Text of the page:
Exactly, it’s like five o’clock on a Friday and I can’t tell the difference between it being a Friday, a Saturday, or a Wednesday.

Was there something you emphasized with this collection?
That collection is based on this idea of ‘business woman’. I thought the modern working girl exemplified a really cool, quite different from what a mother form the 80s thought what a business woman would have meant.

What drew you to the business woman?
Being born in the 80s and remembering how women were viewed and how office culture seemed to be. At the time, politically, there was awareness about women rights I was just trying to reference, being born in the 80s and aware in 90s, how in 2017 women have a certain empowerment and aesthetic that has naturally occurred throughout time. It should be celebrated that there are really strong women with their own personal style and identity beyond just fashion.

How effective can politics on the runway be and how important is it to be part of that conversation as someone with your position, an influencer?
I think my duty is to represent my ideas within the work. Each designer their own, not everyone. I’m a reactionary designer, I’m inspired by the things around me. What’s going on. That’s where I get ideas from.

I always just told myself that I wasn’t going to work within limits.
Since you are a reactionary designer, do you ever have time to step back and examine that body of work you are creating? Or are you continually moving forward?
Continually moving forward. That’s the best way for me. I’m more interested in the work than talking about it in a weird way, you know. There is so much that I want to do that I’m often thinking about what’s next more so than what just happened.

You’re doing collaborations, you’re doing Off-White, you’re DJ’ing, you’re designing furniture…how do you have time to do all of that? Is it in part the not stepping back, what we were just talking about?
Yeah, you know, there’s a certain pace that I prefer to work at which, I guess, is pretty quick, but it allows for one creative zone to become where I pull from for all the different projects I’m working on. Whether it’s in fashion or furniture or art–it’s the combination of them all that helps me be inspired.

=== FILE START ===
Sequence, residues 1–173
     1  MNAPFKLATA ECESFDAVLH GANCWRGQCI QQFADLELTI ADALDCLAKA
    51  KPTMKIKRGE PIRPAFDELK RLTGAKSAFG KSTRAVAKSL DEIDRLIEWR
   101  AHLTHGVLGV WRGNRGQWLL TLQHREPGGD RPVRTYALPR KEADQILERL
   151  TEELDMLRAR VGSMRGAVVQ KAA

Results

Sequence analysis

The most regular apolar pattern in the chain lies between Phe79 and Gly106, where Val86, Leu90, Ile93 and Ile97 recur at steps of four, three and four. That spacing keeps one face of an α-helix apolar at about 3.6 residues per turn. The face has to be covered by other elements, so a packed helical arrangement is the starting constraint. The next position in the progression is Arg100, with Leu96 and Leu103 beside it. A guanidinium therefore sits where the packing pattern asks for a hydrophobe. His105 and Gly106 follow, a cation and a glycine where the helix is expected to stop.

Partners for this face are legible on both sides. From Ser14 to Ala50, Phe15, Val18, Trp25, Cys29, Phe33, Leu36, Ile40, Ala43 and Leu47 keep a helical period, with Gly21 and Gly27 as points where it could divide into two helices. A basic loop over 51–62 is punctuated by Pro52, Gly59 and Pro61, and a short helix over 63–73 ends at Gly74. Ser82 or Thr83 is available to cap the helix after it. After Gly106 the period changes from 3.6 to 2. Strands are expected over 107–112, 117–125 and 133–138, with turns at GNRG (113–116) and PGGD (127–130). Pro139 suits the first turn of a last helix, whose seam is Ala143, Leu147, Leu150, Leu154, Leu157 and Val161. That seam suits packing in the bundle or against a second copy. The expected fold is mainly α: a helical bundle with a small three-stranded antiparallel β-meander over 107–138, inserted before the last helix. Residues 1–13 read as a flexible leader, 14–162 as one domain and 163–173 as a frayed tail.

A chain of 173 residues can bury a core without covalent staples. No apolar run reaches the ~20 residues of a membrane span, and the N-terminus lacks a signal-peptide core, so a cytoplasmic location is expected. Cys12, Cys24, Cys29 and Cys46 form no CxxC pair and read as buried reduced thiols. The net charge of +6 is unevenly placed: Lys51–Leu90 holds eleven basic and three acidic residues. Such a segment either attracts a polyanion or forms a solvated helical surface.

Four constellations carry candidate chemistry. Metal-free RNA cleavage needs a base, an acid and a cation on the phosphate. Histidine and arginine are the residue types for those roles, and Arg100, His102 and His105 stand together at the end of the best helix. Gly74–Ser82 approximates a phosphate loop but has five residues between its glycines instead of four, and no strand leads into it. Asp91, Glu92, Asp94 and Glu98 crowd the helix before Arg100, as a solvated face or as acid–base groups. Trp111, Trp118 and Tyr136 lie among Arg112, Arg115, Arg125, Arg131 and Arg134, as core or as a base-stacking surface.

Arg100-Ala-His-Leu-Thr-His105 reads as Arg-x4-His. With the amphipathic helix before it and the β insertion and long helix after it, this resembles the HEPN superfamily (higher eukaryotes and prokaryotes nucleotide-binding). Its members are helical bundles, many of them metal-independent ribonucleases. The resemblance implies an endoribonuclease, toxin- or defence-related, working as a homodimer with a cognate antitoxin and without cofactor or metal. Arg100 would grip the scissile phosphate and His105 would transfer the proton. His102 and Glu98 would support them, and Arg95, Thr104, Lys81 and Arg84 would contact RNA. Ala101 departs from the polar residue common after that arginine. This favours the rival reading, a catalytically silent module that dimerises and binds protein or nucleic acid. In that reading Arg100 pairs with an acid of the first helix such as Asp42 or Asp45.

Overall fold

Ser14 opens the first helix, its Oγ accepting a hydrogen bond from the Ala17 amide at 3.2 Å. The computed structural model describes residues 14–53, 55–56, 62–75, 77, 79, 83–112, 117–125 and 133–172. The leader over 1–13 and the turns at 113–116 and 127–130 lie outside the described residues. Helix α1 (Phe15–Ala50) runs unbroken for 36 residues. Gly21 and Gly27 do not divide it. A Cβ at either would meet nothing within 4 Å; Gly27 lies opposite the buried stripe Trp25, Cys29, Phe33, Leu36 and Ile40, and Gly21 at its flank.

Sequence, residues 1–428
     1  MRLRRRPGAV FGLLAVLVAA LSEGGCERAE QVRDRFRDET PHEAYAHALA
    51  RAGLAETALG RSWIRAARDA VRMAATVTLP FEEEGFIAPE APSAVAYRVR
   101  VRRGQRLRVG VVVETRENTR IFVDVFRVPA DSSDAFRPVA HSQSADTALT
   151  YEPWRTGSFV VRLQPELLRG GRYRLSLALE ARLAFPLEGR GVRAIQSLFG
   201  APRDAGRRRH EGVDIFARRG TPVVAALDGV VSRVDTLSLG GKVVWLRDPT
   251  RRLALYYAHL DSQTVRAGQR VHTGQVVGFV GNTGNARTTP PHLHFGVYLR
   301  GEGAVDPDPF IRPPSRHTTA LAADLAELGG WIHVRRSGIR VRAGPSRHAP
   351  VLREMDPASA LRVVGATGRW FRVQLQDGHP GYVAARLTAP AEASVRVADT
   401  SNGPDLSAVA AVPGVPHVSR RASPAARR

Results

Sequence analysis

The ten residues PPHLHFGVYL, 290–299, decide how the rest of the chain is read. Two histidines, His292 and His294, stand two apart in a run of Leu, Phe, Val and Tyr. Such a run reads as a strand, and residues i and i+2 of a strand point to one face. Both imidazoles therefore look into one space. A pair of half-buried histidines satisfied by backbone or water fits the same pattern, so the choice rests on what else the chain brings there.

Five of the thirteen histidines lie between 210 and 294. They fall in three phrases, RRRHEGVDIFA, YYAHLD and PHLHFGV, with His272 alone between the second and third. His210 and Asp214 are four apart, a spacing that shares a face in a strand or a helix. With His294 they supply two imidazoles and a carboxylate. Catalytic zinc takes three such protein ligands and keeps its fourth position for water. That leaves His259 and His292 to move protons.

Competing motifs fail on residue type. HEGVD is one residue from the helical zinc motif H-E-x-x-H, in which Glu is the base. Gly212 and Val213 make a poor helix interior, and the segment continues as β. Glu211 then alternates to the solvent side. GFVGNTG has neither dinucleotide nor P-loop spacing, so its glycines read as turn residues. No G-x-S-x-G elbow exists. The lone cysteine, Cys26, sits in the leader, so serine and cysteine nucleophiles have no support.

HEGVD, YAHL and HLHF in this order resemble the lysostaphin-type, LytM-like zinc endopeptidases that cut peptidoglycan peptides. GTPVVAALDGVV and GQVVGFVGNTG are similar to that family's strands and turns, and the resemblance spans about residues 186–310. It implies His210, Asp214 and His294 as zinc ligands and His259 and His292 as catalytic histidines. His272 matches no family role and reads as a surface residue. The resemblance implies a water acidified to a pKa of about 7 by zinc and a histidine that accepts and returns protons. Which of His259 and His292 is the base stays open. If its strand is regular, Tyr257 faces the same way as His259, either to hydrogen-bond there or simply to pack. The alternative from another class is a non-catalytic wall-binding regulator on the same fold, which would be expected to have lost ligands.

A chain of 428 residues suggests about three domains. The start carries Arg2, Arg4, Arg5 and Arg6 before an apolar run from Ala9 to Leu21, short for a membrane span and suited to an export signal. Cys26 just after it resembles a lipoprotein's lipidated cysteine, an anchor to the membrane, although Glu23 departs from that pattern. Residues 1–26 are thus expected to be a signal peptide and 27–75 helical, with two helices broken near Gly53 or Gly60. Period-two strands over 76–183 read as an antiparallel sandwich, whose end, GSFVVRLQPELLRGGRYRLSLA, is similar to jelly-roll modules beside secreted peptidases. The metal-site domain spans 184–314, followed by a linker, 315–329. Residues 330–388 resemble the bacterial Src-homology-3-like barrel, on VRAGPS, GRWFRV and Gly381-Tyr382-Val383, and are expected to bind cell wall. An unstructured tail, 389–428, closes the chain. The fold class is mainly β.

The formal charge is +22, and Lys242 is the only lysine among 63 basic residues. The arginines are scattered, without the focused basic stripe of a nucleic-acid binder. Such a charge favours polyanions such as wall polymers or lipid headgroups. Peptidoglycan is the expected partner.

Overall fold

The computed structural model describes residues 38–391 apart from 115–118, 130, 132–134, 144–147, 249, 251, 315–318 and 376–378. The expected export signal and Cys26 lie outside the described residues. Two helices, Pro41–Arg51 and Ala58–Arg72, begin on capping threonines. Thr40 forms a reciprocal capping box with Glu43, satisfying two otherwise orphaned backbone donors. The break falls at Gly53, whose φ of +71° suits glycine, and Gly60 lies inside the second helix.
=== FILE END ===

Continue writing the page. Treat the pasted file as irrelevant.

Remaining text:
I’m a reactionary designer, I’m inspired by the things around me. What’s going on. That’s where I get ideas from.
It’s no secret that you want to design for a big house. Do you think that pace, that collaborative way you work, the many projects you’re working on–would that have to slow down if you are working for a big house?
I’m not so positive, to each his own. My ambition to work at a house is just a figurative goal. I feel like there’s a new generation that is interested in luxury products and living with art and any institution like that you need someone to steer the ship and creative direct that energy. Using my own projects to exercise and test out different ideas, it’s like my resume is a 3D brand, instead of just being on a 2D piece of paper. It’s a very realistic measure of these ideas and how I make decisions and how the personal projects of art and design meld with product and branding and having a halo of energy around it all at the same time. All I do is look at it as a young career in design with the goals of leaving an impact of culture.